Integrated Care Teams: Establishing multi-disciplinary teams of health and care professionals providing short-term and ongoing support in the community.

Integrated Community Hubs: Redesigning current community hospital provision to provide an enhanced offer of support which helps patients to step down to lower support, reducing reliance on care in institutional settings. [I think these are going to be promised to justify closing community beds and it might be brilliant but I think most of us would have more confidence if we saw whatever they are operating effectively first. After all, we would not want to go to old hospitals if something far better was on hand! This link is the best I can find that might give insight, if you watch from the nurse about 8/9 mins in.]

Urgent Care Centres: Establishing strategically located Urgent Care Centres as part of a wider urgent and emergency care network which provide enhanced, consistent and resilient medical cover when it is needed and reduce pressure on acute hospital settings.

Shared back office: Developing and implementing a transformed back office with cross-system shared service arrangements delivering a range of support functions such as Finance, HR and Procurement.”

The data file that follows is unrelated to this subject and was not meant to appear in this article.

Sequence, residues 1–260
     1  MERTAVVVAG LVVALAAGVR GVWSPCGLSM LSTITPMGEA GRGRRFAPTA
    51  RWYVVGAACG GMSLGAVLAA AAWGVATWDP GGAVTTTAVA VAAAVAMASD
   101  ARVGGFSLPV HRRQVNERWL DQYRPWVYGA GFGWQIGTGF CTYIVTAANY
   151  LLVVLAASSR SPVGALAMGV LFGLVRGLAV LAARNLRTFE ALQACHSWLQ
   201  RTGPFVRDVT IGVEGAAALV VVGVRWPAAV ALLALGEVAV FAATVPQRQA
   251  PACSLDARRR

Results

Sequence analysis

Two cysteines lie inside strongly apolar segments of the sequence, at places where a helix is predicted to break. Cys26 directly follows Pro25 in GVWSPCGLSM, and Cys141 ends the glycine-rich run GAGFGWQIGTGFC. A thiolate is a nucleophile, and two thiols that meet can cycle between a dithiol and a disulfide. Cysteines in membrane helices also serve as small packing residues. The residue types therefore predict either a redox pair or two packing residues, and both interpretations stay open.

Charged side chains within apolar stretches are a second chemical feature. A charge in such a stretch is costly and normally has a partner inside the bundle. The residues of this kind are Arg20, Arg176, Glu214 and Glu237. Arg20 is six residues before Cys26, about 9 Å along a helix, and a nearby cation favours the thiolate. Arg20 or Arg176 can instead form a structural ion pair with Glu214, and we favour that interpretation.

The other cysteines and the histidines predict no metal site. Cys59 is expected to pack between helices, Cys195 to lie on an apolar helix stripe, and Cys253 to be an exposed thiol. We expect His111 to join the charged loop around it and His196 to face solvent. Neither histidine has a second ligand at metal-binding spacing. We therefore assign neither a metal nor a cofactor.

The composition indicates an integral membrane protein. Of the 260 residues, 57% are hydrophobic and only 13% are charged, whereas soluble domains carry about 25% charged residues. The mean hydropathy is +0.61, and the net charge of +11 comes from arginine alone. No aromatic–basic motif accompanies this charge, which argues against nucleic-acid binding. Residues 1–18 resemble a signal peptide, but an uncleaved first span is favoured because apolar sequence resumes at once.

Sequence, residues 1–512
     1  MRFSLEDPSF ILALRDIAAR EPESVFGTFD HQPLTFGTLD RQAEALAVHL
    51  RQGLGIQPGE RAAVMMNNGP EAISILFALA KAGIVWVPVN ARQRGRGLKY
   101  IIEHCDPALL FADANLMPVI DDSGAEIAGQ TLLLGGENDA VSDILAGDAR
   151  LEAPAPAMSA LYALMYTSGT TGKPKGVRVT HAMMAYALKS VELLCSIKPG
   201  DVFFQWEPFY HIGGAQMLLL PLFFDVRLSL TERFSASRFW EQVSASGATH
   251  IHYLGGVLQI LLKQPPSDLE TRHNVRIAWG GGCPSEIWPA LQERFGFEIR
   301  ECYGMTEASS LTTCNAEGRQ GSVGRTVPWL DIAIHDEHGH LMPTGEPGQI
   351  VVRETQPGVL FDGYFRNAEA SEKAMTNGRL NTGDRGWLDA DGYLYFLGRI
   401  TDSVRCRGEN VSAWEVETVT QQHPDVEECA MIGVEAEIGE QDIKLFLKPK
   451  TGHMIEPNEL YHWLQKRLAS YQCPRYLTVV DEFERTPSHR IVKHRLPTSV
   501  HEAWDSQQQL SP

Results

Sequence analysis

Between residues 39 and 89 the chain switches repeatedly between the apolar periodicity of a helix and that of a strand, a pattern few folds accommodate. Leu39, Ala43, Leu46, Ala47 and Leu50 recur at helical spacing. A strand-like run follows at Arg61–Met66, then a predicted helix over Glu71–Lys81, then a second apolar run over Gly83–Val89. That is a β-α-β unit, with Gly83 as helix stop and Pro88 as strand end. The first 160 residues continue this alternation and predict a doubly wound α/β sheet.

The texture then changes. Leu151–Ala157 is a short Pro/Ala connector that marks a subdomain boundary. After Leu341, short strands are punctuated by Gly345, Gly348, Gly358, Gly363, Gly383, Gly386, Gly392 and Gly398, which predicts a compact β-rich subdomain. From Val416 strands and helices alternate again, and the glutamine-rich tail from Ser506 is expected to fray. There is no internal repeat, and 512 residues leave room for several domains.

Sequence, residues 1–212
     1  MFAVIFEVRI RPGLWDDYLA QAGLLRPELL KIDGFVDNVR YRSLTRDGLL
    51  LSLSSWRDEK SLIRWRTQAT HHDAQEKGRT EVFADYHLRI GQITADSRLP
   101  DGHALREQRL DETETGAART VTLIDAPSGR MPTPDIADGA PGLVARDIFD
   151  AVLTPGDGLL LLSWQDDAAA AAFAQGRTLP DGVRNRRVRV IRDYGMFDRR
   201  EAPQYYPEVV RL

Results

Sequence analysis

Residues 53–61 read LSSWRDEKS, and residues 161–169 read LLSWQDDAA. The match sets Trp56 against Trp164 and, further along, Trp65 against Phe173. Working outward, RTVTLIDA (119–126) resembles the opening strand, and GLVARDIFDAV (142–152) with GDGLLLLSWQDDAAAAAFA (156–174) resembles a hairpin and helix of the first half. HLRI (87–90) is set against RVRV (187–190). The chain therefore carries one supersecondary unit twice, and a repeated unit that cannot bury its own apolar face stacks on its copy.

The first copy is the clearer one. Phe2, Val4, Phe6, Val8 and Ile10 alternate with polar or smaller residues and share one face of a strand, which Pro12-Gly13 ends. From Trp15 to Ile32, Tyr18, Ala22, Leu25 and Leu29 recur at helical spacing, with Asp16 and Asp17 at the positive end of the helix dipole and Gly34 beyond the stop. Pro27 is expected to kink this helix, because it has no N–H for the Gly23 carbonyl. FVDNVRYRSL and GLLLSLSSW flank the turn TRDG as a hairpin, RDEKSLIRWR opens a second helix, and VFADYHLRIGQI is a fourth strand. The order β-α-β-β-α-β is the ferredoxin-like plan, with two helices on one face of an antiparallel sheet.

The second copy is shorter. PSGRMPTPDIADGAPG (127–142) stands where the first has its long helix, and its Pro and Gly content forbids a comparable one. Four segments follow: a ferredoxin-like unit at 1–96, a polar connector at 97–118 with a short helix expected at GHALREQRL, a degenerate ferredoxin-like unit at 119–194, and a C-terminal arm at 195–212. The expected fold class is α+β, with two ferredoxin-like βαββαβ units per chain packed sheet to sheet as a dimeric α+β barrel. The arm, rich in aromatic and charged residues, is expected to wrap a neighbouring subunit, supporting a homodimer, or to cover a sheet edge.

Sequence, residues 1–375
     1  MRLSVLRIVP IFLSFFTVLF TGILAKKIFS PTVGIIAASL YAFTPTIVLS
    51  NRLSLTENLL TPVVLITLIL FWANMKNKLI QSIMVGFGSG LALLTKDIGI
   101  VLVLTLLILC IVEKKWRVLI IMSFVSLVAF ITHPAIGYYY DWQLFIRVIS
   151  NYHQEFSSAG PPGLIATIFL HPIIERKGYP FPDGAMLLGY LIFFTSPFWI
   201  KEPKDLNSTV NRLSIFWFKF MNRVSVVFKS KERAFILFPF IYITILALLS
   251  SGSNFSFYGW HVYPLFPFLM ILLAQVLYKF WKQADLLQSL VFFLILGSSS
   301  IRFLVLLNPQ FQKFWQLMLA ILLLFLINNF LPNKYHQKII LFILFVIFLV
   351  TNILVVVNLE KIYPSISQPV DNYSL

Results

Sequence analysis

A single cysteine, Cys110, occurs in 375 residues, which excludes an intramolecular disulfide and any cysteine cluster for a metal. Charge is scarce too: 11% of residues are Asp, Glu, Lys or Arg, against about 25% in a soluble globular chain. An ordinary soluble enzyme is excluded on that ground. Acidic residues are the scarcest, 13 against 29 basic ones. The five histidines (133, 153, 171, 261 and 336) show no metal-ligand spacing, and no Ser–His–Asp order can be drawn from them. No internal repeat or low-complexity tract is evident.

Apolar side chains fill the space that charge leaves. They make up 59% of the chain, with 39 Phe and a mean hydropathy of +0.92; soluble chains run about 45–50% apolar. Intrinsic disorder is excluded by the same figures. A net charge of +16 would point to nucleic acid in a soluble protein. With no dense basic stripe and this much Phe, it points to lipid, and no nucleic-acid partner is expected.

So obviously the right thing to do that I cannot help asking myself why it is not happening? The community hubs are interesting?

“Over the five year period of the Sustainability and Transformation Plan, we are projecting that the health and care system in Cornwall and the Isles of Scilly will reach financial balance by 2020/21.” ‘Financial balance’ – that’s a nice phrase BUT taken with the notion we are OVERSPENDING rather than, what I believe that we are UNDERFUNDED, then it means cuts!

“An Executive Delivery Group managed progress and alignment of the proposals throughout this phase of work, linked to a Finance Group developing the detailed savings and investment implications of our proposals.” What?